appropriations (one such fiscal statute, the Antideficiency Act, is 
explained in detail in phase 3).[Footnote 2] 

A "budget," in customary usage, is a plan for managing funds, setting 
levels of spending, and financing that spending. For purposes of this 
overview, however, the "federal budget" is used more broadly to include 
not only the planning through the federal budget process, but also the 
end result of that plan after the fiscal effect of spending and revenue 
laws in effect for any given fiscal year are calculated. Those laws 
consist of permanent laws enacted in prior years, including any 
permanent appropriations, and the appropriations acts enacted for that 
fiscal year. 

Beginning in 1921, Congress enacted laws that provide a framework of 
procedures for coordinating and planning for federal spending and 
revenues. The Budget and Accounting Act of 1921 requires the President 
to submit an annual budget proposal to Congress and established the 
Office of Management and Budget (OMB) and the Government Accountability 
Office (GAO) (formerly, the General Accounting Office). In 1974, 
Congress enacted the Congressional Budget and Impoundment Control Act, 
which provides for the adoption of a budget resolution and established 
the House and Senate Budget Committees and the Congressional Budget 
Office (CBO). These laws overlay the existing processes by which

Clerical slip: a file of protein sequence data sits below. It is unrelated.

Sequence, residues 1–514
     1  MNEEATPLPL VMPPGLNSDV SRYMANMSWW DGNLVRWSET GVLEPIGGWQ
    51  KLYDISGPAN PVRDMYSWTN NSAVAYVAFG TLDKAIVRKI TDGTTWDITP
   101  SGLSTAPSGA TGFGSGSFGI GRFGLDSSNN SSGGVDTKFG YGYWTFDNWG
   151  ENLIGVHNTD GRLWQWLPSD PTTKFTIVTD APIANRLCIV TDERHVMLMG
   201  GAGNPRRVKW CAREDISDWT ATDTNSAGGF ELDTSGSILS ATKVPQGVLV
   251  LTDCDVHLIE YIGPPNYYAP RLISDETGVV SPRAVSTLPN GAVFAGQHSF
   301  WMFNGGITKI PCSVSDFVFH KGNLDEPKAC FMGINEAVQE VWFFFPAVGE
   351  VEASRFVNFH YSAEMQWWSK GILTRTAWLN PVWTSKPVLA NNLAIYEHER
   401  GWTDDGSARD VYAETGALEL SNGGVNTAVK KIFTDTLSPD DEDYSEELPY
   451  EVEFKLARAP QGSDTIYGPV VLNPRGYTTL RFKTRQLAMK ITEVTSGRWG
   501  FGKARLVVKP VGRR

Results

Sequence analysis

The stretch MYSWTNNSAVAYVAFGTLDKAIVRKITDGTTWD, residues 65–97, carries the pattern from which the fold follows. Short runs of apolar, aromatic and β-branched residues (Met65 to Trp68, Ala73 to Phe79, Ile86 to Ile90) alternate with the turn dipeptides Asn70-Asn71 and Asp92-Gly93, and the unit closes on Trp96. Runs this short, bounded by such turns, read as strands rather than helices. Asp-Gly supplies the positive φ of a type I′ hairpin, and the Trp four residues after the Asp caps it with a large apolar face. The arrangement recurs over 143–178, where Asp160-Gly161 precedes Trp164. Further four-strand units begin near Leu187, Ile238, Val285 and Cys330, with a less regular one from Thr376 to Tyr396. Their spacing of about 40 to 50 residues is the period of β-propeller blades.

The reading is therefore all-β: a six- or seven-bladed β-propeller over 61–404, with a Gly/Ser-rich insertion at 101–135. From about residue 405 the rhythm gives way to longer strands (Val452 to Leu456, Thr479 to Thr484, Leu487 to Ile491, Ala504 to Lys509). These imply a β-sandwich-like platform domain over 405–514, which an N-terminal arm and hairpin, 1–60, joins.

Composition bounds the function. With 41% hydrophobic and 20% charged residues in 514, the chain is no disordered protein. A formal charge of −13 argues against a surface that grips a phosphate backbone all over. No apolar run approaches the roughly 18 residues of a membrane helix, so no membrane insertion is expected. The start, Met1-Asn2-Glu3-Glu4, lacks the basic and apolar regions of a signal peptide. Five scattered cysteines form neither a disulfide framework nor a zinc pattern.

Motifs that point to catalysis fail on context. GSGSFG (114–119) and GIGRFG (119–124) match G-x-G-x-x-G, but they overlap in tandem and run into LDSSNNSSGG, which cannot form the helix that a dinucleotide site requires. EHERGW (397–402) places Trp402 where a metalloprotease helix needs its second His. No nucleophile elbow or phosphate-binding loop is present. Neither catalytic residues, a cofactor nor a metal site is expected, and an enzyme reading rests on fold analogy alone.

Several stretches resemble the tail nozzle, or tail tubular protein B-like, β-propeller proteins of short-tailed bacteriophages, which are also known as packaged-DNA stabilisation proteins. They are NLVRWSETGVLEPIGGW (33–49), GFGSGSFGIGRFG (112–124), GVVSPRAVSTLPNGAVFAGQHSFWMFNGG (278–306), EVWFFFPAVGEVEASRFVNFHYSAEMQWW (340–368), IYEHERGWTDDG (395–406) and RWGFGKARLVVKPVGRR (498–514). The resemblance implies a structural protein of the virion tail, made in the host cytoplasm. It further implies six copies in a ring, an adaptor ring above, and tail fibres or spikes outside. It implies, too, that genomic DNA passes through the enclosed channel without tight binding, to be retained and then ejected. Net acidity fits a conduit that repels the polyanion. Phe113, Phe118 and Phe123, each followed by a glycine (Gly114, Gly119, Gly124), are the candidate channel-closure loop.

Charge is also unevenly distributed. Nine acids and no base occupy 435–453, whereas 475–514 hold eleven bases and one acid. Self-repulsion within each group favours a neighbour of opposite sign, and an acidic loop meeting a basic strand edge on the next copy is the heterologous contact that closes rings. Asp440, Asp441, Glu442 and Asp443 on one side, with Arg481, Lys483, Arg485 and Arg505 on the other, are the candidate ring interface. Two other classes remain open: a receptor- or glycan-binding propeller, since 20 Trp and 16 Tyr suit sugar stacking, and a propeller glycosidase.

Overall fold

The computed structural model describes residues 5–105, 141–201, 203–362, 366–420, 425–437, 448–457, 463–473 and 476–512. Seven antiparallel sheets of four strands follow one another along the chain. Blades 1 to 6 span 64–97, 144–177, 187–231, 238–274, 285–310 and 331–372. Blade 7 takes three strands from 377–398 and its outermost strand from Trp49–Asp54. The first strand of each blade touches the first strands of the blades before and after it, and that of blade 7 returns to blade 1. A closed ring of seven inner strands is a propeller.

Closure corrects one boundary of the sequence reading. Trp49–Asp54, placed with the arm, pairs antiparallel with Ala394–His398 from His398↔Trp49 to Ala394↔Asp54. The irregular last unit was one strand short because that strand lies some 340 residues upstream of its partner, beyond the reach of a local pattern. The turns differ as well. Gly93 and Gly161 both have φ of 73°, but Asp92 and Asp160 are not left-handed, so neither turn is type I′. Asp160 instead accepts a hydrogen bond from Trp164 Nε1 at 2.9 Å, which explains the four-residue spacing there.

Congress enacts and the President signs into law spending and revenue 
measures and have come to be known, collectively, as the federal budget 
process. 

The federal budget process provides the means for the federal 
government to make informed decisions between competing national needs 
and policies, to determine priorities, to allocate resources to those 
priorities, and to ensure the laws are executed according to those 
priorities. The federal budget process can be broken down into four 
phases: budget formulation, the congressional budget process (during 
which Congress adopts its budget and enacts laws appropriating funds 
for the fiscal year), budget execution and control, and audit and 
evaluation. The discussion that follows describes in detail the four 
phases of the federal budget process. 

Phase 1: Executive Budget Formulation: 

The federal government begins to assemble an annual federal budget in a 
long administrative process of budget preparation and review. This 
process may well take place several years before the budget for a 
particular fiscal year is ready to be submitted to Congress. The